Indoor air quality and student welfare: The Effect of Indoor Air Purifiers in Schools

Last registered on December 15, 2023


Trial Information

General Information

Indoor air quality and student welfare: The Effect of Indoor Air Purifiers in Schools
Initial registration date
August 21, 2023

Initial registration date is when the trial was registered.

It corresponds to when the registration was submitted to the Registry to be reviewed for publication.

First published
August 24, 2023, 6:25 AM EDT

First published corresponds to when the trial was first made public on the Registry after being reviewed.

Last updated
December 15, 2023, 4:31 AM EST

Last updated is the most recent time when changes to the trial's registration were published.


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Primary Investigator

Politecnico di Milano

Other Primary Investigator(s)

PI Affiliation
RFF‐CMCC: European Institute on Economics and the Environment (EIEE), Centro Euro‐Mediterraneo sui Cambiamenti Climatici (CMCC)
PI Affiliation
RFF‐CMCC: European Institute on Economics and the Environment (EIEE), Centro Euro‐Mediterraneo sui Cambiamenti Climatici (CMCC)
PI Affiliation
Politecnico di Milano

Additional Trial Information

In development
Start date
End date
Secondary IDs
Prior work
This trial does not extend or rely on any prior RCTs.
Bad air quality is a significant problem for children, as it can cause various clinical and subclinical problems, including respiratory infections, asthma, allergies, absenteeism, and cognitive impairment. In this registered report, we present the design of a \textit{cluster randomized control trial} on the potential benefits (and cost-effectiveness) of installing air purifiers in schools to reduce children's exposure to poor air quality conditions. We randomly assign 95 classes in three schools to receive or not air purifiers and estimate their effects on indoor air pollution, absenteeism, achievement, cognitive ability, and behavioral outcomes related to mood and aggression. We expect to find a relevant increase in school attendance, learning, cognitive outcomes, and the general well-being of children. The results of this study would allow policymakers to understand the benefits of a scalable defensive strategy to mitigate the exposure of vulnerable groups to a relevant environmental stressor.
External Link(s)

Registration Citation

Bonan, Jacopo et al. 2023. "Indoor air quality and student welfare: The Effect of Indoor Air Purifiers in Schools." AEA RCT Registry. December 15.
Experimental Details


Our intervention involves installing 43 consumer-grade air purifiers in randomly selected classes in three schools. The purifiers contain a ULPA-U15 filter that filters up to 99.99% of particles larger than 0.026 microns. The purifier passes polluted air through the ULPA filter, which is made of layers of ultrafine materials capable of blocking fine particles, and an activated carbon filter that purifies the air before it is returned to the environment.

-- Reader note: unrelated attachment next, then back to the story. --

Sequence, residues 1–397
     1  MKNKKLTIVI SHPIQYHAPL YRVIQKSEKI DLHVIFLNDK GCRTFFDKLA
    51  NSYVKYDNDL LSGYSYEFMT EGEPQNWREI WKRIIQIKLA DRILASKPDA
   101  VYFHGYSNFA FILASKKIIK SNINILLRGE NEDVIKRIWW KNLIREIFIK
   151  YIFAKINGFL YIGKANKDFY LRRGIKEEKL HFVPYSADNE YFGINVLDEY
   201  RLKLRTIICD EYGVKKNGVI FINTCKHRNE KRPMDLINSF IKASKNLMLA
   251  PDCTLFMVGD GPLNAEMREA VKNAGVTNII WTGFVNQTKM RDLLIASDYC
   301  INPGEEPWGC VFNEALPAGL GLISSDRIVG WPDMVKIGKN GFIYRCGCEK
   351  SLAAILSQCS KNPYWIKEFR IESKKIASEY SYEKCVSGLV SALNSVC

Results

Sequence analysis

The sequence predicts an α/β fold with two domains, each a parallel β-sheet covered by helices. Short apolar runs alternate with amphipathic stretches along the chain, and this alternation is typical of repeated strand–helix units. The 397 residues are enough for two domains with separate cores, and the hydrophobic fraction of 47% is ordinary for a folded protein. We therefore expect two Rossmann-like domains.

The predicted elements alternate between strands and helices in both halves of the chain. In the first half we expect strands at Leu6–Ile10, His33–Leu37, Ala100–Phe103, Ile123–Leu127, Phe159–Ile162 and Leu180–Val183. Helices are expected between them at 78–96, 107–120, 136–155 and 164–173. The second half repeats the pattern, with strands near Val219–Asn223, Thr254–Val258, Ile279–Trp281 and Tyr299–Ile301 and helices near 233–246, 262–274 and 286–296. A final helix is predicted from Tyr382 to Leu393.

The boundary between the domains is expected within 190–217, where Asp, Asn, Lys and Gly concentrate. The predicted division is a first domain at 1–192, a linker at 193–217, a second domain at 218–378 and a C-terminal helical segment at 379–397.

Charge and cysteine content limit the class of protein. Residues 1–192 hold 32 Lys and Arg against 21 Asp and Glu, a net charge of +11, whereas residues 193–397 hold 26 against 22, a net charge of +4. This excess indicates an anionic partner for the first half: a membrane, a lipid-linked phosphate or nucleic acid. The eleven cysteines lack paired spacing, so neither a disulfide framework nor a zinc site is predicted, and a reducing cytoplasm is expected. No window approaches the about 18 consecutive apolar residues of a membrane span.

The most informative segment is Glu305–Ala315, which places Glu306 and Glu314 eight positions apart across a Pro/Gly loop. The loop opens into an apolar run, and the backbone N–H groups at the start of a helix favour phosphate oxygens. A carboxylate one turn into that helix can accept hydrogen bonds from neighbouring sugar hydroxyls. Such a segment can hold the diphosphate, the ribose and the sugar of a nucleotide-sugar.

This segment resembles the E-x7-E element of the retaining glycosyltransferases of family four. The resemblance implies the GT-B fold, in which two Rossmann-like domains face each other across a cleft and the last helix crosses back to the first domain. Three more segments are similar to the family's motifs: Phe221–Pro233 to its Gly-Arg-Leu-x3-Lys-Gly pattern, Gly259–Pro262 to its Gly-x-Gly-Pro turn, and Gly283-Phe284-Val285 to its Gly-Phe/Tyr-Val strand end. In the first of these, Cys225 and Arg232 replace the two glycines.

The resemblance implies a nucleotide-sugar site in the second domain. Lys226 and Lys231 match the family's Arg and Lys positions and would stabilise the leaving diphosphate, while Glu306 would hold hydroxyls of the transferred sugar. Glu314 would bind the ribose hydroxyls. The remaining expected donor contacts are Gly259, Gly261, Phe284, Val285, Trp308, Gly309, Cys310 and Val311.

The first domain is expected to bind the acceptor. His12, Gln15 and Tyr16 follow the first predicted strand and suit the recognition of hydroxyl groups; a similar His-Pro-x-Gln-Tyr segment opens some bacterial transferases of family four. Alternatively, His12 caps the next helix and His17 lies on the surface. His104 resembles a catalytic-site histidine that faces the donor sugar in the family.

Intervention Start Date
Intervention End Date

Primary Outcomes

Primary Outcomes (end points)
Students' absences
Indoor air pollution (PM2.5)
Cognitive ability
Standardized test scores
Mood and aggressive behavior
Primary Outcomes (explanation)

Secondary Outcomes

Secondary Outcomes (end points)
Subjective health status
Students' intermediate and final grades
Other indoor pollutants (CO, VOC)
Behavioral response: n. of times windows are opened
Students' environmental concerns and awareness
Secondary Outcomes (explanation)

Experimental Design

Experimental Design
We randomly assign about half of the classes to treatment or control, while stratifying them by school and grade. The intervention is not accompanied by specific information campaigns or communications to teachers or parents. All purifiers operate continuously throughout the study period between October 2023 and June 2024. In addition to the purifiers, we randomly install 38 indoor air quality monitors in a random subsample of classes. We stratify by school, treatment status, and class characteristics such as floor and orientation, that is, whether the class faces the street or the internal courtyard. The monitors measure the concentration of CO2, VOC, PM2.5, CO, temperature, humidity, and atmospheric pressure at sub-hour intervals.
Experimental Design Details
Not available
Randomization Method
Randomization is performed by researchers in the presence of each school's director using a random number generator.
Randomization Unit
Was the treatment clustered?

Experiment Characteristics

Sample size: planned number of clusters
95 classes
Sample size: planned number of observations
2090 students
Sample size (or number of clusters) by treatment arms
43 treated classes with air purifiers, 52 control classes without purifiers
Minimum detectable effect size for main outcomes (accounting for sample design and clustering)

Institutional Review Boards (IRBs)

IRB Name
Politecnico di Milano
IRB Approval Date
IRB Approval Number
Analysis Plan

Analysis Plan Documents

Pre-analyis plan

MD5: 1348b750359b17a655ea0a11d8693294

SHA1: 5f65dce5fc942fa37be067ed1270f8e2dc1a270a

Uploaded At: August 21, 2023